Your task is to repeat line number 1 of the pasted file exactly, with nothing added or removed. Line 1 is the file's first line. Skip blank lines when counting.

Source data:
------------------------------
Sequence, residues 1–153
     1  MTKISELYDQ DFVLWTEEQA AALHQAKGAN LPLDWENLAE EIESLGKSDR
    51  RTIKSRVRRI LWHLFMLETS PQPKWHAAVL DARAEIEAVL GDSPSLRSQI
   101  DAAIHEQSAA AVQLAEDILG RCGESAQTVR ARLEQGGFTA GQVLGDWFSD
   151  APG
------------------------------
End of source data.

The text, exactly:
Sequence, residues 1–153